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Johnson Amendment

President Donald Trump has signed a flurry of executive orders since taking office, and repealing the Johnson Amendment, which prohibits non-profits including religious organizations from endorsing or supporting political candidates, is one of his next proposed targets. White House Official Photo

President Donald Trump has signed a flurry of executive orders since taking office, and repealing the Johnson Amendment, which prohibits non-profits including religious organizations from endorsing or supporting political candidates, is one of his next proposed targets. White House Official Photo

Diane Newberry, Staff Writer

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President Trump vows to “completely destroy” the Johnson Amendment

President Trump announced at the annual National Prayer Meeting Feb. 2 that he aims to “totally destroy” the Johnson Amendment in an effort to protect free speech for the nation’s religious leaders.

The Johnson Amendment, signed by President Eisenhower in 1954, prohibits 501(c)(3) non-profits (such as churches) from campaigning for specific candidates in political races.

If a non-profit were to do so, they would risk losing their tax-exempt status. Though the Johnson Amendment had been a target for the Trump campaign, this is the first the President has publicly spoken of it while in office.

As the amendment stands today, religious leaders are not limited in their ability to campaign as a single citizen, only from endorsing specific candidates from the pulpit.

“Of course, I have a personal opinion about how the government should be involved in our lives, but my call to be a pastor is to serve the gospel.””

— Rev. Dr. Mark Bucchop

Even that restriction can be flexible. According to Robert Wood, Associate Professor of Political Science and Public Administration at the University of North Dakota, “in practice, enforcement has been very low.”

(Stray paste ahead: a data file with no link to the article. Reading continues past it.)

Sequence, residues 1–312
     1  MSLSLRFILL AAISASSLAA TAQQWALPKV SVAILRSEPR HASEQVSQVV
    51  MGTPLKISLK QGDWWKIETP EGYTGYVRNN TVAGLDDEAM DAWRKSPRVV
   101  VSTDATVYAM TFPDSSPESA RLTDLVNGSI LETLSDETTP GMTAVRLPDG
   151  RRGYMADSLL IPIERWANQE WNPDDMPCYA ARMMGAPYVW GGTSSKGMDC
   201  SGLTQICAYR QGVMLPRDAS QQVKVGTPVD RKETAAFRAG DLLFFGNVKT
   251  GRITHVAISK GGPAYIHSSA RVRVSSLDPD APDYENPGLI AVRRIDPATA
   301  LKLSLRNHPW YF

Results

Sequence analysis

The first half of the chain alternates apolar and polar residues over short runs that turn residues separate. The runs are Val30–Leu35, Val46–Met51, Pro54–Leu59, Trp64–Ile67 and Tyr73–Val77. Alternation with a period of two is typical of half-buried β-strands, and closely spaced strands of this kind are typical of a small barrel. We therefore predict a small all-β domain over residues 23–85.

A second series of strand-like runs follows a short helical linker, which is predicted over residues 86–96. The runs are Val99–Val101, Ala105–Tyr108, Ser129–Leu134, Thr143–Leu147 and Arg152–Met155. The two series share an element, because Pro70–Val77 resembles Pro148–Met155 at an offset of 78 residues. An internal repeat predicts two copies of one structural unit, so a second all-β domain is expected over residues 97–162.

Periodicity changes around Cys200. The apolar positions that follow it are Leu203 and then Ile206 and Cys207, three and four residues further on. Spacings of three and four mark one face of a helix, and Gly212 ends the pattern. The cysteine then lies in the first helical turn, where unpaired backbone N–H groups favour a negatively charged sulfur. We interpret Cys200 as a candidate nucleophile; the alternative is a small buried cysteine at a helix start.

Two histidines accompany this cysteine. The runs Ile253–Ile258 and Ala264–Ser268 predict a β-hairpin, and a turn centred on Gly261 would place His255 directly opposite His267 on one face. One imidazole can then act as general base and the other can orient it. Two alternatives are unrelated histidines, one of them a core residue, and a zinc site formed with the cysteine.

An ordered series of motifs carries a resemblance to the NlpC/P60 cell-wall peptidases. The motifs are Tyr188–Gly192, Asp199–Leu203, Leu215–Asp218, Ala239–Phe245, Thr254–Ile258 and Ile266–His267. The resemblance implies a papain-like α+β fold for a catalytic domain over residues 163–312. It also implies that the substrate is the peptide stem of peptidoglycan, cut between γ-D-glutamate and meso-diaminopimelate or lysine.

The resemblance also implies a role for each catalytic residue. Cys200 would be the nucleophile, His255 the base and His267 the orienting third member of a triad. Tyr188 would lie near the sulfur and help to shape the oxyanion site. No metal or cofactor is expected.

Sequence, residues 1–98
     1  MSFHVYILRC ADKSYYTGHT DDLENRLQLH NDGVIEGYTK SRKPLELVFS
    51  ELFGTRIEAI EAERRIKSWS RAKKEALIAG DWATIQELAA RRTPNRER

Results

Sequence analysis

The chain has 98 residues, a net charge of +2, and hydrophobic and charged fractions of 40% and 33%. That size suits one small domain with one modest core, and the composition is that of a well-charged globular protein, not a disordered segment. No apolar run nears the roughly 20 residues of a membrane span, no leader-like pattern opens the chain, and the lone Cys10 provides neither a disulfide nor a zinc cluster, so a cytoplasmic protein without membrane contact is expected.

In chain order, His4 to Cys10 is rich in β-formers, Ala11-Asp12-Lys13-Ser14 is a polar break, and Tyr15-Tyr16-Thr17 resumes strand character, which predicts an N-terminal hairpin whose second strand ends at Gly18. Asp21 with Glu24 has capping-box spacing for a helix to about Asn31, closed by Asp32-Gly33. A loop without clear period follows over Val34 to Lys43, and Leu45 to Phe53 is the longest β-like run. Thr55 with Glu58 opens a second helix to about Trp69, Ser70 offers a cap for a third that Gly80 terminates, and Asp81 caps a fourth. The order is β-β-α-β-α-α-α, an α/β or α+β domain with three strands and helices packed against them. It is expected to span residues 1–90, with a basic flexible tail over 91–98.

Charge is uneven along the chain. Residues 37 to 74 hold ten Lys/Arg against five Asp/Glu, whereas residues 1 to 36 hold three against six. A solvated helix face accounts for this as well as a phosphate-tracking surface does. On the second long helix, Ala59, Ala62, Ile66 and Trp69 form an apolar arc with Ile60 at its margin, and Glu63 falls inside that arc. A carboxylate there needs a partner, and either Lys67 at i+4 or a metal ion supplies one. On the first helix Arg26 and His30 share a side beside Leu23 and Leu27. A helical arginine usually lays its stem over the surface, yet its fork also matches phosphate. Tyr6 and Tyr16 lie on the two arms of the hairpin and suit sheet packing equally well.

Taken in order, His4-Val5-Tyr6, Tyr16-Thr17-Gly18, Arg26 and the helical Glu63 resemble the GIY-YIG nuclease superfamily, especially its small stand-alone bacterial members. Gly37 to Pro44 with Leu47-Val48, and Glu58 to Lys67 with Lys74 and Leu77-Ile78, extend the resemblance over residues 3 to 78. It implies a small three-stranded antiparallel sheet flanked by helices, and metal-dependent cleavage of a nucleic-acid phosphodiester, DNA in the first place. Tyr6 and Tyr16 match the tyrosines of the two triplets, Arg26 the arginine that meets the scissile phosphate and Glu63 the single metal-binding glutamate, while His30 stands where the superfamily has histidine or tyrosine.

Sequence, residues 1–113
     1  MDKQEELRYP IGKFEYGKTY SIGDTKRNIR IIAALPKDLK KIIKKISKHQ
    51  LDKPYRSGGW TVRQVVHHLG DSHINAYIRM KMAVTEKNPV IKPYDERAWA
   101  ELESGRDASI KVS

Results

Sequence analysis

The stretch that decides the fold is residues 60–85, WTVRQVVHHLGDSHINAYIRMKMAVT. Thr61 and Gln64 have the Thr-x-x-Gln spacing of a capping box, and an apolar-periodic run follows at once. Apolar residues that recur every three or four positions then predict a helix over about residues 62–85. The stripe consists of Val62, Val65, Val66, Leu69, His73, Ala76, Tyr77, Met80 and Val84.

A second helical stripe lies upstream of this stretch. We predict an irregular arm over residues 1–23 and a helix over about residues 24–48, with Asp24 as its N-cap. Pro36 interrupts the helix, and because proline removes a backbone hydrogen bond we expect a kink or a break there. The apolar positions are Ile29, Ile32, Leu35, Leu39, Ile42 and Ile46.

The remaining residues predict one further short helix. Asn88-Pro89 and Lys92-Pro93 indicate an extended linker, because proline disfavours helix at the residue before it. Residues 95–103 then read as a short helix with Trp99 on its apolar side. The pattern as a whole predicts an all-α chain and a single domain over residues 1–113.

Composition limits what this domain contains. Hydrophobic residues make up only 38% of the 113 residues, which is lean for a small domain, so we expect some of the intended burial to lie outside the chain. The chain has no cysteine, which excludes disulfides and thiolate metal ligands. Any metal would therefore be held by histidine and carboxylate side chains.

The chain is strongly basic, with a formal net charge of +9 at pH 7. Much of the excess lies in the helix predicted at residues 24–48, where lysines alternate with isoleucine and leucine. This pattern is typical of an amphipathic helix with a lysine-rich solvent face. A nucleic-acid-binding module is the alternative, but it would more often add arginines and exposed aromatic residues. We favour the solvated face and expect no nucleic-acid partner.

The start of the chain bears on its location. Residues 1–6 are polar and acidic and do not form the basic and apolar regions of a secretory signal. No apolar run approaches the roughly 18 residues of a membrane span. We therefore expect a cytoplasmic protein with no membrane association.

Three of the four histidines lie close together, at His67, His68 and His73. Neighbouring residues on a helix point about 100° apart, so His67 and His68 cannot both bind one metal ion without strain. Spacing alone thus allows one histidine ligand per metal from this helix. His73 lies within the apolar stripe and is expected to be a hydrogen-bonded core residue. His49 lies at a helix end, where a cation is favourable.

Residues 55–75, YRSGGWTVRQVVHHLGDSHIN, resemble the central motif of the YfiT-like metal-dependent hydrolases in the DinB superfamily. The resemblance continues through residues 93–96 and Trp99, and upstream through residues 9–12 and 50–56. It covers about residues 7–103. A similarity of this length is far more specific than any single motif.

Wood goes on to say that while he can recall select times in high-profile cases when churches were threatened with the loss of their tax-exempt status, he “can’t think of a single example” of when a non-profit actually has faced legal consequences for political speech.

Rev. Dr. Mark Buchhop, pastor of the on-campus Wittenberg Lutheran Chapel, holds strong opposition to political activity within the church.

“Of course, I have a personal opinion about how the government should be involved in our lives,” Bucchop said, “but my call to be a pastor is to serve the gospel.”

Though he is personally against the politicization of religious services, Bucchop claims that “it is already being done routinely” and he feels that Wittenberg’s stance on the issue “sets [them] apart from a lot of churches.” 

Because the government has been conservative in their enforcement of the Johnson Amendment, many commentators reject President Trump’s premise that his goal in abolishing it is to simply protect free speech. Professor Wood not only calls the promise a “gimmick,” but also points out the financial implications that getting rid of the Johnson Amendment would have on campaigns.

If a non-profit like a church were to be able to directly campaign for and support political candidates, that entity would also be able to freely donate money to candidates without disclosing their individual donors.

Effectively, abolishing the Johnson Amendment could turn churches into PACs and create a “whole new avenue for dark money,” a phenomenon that Wood says is one of the “biggest concerns in our modern political system.”

In order for President Trump to fulfill his promise, a Republican-controlled Congress will have to approve a bill to abolish the Amendment. However, this is an issue that Democrats, particularly those in the Senate, are predicted to fight hard on.

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